4 Strategies to Increase Content Knowledge
1. Position skill and knowledge learning intentions and success criteria side by side. Ensuring that students are clear on expectations of learning has been well documented in a myriad of research studies and books. The question is to what degree are the expectations we provide to students balanced between content and skill expectations? This is especially critical when we are in a literacy block. As journalist and author Natalie Wexler writes in The Atlantic, content should be embedded when we learn literacy.
Let’s help students see the need for literacy skills in fully accessing the knowledge we are learning. Skills should be considered our tools for answering our “need to knows” within and across disciplines.
Place content-based outcomes next to skill outcomes in your unit plans, on rubrics, and when co-constructing clarity with students.
2. Embed social studies and science into literacy-informed inquiry units. Often, in elementary schools, we have literacy blocks that range from 30 to 100 minutes of instruction. In rigorous PBL, the suggestion is to incorporate the direct teaching of science and social studies within those blocks by doing the following:
- Conducting interactive read-alouds that embed content syntactically a few grade levels ahead. The teacher reads the passage, students reread, and brief summaries are discussed in think-pair-shares.
- Building academic vocabulary with students and incorporating the use of that vocabulary when previewing texts, reading text, and discussing the text after reading a passage.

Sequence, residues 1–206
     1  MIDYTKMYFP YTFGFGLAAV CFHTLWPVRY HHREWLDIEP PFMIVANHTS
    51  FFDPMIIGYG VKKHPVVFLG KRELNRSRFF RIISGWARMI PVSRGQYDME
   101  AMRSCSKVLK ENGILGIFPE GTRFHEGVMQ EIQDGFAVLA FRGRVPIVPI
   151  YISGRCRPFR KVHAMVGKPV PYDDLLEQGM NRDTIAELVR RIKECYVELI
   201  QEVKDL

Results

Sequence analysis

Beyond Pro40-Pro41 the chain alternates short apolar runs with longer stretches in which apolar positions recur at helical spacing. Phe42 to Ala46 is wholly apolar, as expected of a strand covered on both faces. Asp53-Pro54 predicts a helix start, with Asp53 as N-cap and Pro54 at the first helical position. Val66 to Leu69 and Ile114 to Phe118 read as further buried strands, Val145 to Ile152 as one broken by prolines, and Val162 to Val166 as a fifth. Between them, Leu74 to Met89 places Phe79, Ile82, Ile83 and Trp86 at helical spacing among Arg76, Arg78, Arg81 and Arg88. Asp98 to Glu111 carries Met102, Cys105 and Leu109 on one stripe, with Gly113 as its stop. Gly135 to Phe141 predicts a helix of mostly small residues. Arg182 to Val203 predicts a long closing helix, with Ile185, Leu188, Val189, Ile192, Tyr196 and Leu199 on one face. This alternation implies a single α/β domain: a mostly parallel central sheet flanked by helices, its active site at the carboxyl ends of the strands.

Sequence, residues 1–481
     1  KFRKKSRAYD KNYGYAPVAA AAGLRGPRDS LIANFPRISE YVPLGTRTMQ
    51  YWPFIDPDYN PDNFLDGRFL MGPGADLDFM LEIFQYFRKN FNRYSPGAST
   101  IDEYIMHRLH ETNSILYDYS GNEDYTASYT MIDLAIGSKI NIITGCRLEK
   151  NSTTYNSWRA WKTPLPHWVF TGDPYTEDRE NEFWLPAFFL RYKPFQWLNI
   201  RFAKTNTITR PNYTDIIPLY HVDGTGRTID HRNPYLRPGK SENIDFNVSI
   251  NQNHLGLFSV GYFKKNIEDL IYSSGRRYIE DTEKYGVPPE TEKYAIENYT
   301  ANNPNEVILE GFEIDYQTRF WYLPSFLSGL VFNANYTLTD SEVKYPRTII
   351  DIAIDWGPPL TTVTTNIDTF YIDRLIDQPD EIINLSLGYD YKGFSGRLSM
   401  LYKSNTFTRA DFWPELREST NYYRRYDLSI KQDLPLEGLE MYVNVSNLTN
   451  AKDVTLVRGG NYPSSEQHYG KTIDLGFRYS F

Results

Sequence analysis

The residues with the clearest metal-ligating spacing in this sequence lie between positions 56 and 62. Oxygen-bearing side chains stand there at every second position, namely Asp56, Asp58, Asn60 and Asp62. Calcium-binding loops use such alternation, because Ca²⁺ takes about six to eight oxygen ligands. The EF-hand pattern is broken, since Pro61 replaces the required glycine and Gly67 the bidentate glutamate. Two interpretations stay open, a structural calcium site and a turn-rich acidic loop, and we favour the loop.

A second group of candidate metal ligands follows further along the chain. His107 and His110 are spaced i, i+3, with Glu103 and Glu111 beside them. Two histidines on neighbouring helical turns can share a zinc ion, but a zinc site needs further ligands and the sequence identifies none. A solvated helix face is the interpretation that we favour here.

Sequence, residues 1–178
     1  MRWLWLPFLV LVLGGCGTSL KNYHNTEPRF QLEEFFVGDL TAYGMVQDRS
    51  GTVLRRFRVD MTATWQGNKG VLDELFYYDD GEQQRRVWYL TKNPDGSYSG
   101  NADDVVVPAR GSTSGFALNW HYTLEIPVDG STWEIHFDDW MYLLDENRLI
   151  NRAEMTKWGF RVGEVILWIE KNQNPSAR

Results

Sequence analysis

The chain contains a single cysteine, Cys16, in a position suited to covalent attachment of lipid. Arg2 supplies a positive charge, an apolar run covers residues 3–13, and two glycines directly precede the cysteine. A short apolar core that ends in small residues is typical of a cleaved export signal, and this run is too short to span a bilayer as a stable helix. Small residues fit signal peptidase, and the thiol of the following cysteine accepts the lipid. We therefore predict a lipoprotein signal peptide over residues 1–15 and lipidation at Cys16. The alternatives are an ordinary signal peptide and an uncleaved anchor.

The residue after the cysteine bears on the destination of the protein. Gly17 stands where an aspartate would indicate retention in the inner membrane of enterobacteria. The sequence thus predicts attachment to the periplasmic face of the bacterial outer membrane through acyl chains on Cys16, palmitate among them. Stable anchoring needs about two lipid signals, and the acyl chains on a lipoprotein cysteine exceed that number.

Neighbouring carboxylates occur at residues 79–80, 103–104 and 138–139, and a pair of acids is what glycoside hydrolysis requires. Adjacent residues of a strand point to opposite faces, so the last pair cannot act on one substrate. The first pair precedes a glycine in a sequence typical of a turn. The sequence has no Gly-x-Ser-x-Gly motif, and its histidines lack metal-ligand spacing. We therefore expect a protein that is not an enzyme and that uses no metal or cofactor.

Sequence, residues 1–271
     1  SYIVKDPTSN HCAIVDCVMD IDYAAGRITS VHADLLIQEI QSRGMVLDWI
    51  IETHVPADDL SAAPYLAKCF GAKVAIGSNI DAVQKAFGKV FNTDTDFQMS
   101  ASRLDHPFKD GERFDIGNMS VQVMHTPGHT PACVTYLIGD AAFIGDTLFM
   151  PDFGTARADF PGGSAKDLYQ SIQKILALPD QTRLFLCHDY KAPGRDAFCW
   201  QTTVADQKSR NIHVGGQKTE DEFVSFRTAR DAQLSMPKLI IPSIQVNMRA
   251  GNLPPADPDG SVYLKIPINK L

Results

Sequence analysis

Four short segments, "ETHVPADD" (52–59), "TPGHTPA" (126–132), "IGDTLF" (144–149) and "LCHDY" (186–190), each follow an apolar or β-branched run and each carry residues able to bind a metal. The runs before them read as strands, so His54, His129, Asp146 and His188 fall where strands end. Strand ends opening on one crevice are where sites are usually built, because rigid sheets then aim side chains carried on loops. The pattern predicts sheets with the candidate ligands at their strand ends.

- Providing students with content-rich books in which to read and write about daily.
3. Use deep learning strategies to think aloud about content. Getting students to talk about content is really important. Using protocols such as fishbowls, discussion mapping, four As, and final word protocols enable students to understand and consolidate information.
Because it is far easier to talk about what we read than the actual process of reading and writing, protocols should be considered a potential precursor to reading and for debriefing our reading. This goes for writing as well.
As students are engaging in these routines, teachers should prompt students to use academic language in their discussions.
4. Infuse writing into routine tasks. “Thinker’s block” gets in the way of writing. That is, students struggle with writing when they don’t have much to write about. When students encounter rich content-based reading and talking, there’s a great opportunity for them to engage in the process of writing.
Moreover, we need to build writing as a habit that’s infused into the everyday lives of students. One strategy to consider is quick writes to predict what students will be reading, sharing an opinion on a piece that they are reading, and summarizing and reflecting on a piece of reading.
Making learning content a daily habit of reading, writing, and talking is critical for students to develop all three levels of complexity and is an essential ingredient of rigorous PBL.